Okay, vegetarian readers.  This post might not be up your street.  On our second night in Melbourne, we took the short walk from our hotel to Federation Square where dinner was to be enjoyed in Tjanabi, The All Australia Restaurant.  It turned into quite the meat fest!

The word Tjanabi means ‘to celebrate’ in the language of the original inhabitants of Melbourne and the idea of this restaurant is literally to celebrate the local and indigenous foods.  They have done this by creating a menu made up entirely of local produce and indigenous ingredients, and the restaurant is a great way to have a culinary crash course in Australian indigenous food.

We had tried our first kangaroo on our Foodies’ Dream Tour at Queen Victoria Market earlier in the day, and our aim at Tjanabi was to try as many different Australian meats as possible.

Tjanabi enabled us to do this by offering the option of Taster Plates, with which we started. The idea was kind of like an All Australian Tapas.  There are 11 possible options on the menu and you can choose 4, 6, or 8 selections.  We went for 6 and ticked a few of the meats we wanted to try off our list in one quick starter!

Starter Tasting Plates

Clockwise from bottom left we had:

Emu kabana with gippsland chedder

Chargrilled baby octopus in a marinade of balsamic vinegar and aniseed Myrtle

Wild Tamarind basted wallaby filllet with tomato and coriander salmis

Kangaroo Chorizo served with native pepper and tomato relish

Lemon myrtle green curried mussels

Crocodile sausage with sunrise lime and hot chilli salsa

Instead of ordering two large main courses, our waiter suggested that we continue in the vein of tasting by ordering from the Small Plates menu, which offered 9 options of starter sized courses.  He suggested we go for 6, which in the end was just a bit too much, but we battled on!!

all the plates

The 6 small plates that myself and Niall shared…and almost finished!

crocodile tails

Crocodile tail fillet crumbed in coastal saltbush and coconut served with desert lime and ginger aoli

duck with rice

Soy glazed roasted Duck served in a sweet and sour Davidson plum sauce with a pilaf of wild and jasmine rice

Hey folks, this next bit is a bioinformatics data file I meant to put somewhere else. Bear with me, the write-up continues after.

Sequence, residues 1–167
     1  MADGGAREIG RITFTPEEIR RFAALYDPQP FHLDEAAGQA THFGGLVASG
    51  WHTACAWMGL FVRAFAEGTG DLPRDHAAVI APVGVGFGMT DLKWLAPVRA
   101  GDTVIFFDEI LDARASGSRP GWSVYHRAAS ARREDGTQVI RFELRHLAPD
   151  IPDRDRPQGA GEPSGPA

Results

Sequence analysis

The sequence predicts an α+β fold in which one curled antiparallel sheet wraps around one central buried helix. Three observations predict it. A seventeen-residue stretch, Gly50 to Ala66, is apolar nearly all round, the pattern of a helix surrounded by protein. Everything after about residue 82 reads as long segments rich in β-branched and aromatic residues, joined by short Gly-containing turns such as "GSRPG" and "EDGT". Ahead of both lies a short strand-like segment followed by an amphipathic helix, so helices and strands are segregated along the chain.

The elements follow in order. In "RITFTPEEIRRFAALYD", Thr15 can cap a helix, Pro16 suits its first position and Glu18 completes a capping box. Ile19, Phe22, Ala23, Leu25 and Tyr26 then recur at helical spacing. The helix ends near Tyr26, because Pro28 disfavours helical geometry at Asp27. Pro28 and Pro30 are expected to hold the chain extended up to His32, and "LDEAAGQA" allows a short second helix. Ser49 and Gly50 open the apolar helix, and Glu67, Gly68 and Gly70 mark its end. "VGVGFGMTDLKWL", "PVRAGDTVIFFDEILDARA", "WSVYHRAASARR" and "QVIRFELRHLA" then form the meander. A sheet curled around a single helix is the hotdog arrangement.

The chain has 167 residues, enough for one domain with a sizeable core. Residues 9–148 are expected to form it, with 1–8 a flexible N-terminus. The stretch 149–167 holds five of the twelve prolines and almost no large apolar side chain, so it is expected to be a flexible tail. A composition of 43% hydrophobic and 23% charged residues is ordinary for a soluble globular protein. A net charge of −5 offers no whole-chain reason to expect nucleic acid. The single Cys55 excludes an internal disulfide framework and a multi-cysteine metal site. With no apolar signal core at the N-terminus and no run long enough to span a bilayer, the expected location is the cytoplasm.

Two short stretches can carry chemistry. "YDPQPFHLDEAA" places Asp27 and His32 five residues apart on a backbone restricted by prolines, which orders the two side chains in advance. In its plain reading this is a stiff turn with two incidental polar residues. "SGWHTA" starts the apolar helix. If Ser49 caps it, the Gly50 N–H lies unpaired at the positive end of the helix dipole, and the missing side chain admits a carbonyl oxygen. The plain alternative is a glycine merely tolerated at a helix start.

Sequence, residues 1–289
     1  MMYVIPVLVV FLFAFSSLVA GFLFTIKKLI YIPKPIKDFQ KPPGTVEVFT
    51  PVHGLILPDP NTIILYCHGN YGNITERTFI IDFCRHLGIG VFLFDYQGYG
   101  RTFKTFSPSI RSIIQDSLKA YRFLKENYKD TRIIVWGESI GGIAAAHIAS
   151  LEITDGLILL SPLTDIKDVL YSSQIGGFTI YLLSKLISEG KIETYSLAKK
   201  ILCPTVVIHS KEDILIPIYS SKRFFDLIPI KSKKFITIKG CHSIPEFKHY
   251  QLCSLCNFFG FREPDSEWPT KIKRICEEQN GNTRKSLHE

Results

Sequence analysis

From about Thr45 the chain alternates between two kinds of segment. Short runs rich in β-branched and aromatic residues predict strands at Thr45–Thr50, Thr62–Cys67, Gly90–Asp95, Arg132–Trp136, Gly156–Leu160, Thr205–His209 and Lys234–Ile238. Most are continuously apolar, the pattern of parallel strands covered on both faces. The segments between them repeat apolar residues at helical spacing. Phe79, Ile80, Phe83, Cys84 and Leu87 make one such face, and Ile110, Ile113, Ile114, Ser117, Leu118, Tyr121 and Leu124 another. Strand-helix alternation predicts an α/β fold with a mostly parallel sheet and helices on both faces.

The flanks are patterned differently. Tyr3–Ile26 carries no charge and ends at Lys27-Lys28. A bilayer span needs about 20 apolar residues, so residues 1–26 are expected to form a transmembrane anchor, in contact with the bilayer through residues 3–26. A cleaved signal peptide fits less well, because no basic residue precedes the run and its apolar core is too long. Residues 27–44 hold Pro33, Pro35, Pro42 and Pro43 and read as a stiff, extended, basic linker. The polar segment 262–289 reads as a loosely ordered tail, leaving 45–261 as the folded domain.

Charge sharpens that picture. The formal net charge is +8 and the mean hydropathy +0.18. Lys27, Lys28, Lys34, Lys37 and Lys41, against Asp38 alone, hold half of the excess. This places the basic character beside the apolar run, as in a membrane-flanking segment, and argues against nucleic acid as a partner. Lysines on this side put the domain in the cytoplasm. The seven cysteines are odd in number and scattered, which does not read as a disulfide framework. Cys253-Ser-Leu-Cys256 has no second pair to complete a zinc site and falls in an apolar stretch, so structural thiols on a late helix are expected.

Carpaccio of eye fillet crusted with sea salt and strawberry eucalyptus, nasturtium flower and crispy saltbush garnish, pepper-leaf and macadamia nut oil

goats cheese and eel

Banksia and red gum smoked gippsland Eel and goats cheese gateaux with Northern rivers finger lime and wasabi sauce


Beetroot and lemon myrtle cured Barramundi and hickory smoked Tasmanian Salmon on a salad of young leaves with lemon aspen dressing

veg stack

Chargrilled vegetable stack with zucchini, aubergine and fire roasted capsicum seasoned with Tasmanian pepper and crispy saltbush


Semi-freddo of Strawberry Eycalyptus and dark chocolate swirl on an amaretto chocolate sauce

We enjoyed another lovely Victorian wine with our meal, this time the Rugus Stone Heathcote Victoria Shiraz (2007).  They certainly good wines here in Victoria.  More on that later!

Apart from the baby octopus, which wasn’t to our taste as the balsamic vinegar made it very bitter and didn’t compliment the fish, everything that we had here was good.  The stand out dishes were the kangaroo chorizo (a delicious spicy meat with a hot tomato sauce, a different way to eat kangaroo), the wallaby fillet (a juicy tender meat with a distinctive taste), the crocodile tail fillets (a much finer alternative to chicken goujons!), the Carpaccio (literally melt in your mouth stuff, really tasty) and the Barramundi and Salmon (the Barramundi not only looked beautiful, with the intsense pink and purple colouring, but it tasted fantastic as well).

The best part of Tjanabi was not only are you able to get an introduction to a lot of Australian meats and fish, but the dishes also use a lot of indigenous seasoning.  We had our first saltbush, a herb that looks a lot like sage, and is, as the name goes, a salty bush used as an alternative to salt!  There was also the lemon myrtle which seems to be quite a versatile seasoning.

With the goats cheese and eel gateaux, the dressing included the finger lime, which we had been introduced to earlier at the Queen Victoria Market.  It’s called a finger lime as it resembles, well, a finger!  You slice it open and inside are little balls of lime, almost like lime caviar if you can imagine that.  Our guide on The Foodies’ Tour explained that it was often used for dressings, as each little ball is packed full of intense lime flavour.  Really lovely it was too.

The same way as Irish people don’t go around eating Cabbage and Bacon all day, Kangaroo and the more indigenous meats don’t appear to be a regular part of the typical Aussie’s diet.  So it could be argued that Tjanabi is, in the best possible way, a kind of novelty restaurant.  Because Tjanabi offers the tasting and the small plates, you can get stuck into all the different types of indigenous meats and in one night, eat your way through the Australian outback!  It was an enjoyable experience for us and we were able to tick off a few meats from our “We have to eat this in Australia” list!

After dinner, we headed out to a gig at The Tote Hotel, which was like a hybrid of Eamon Doran’s and Whelan’s in Dublin.  More on that to come over on nialler9!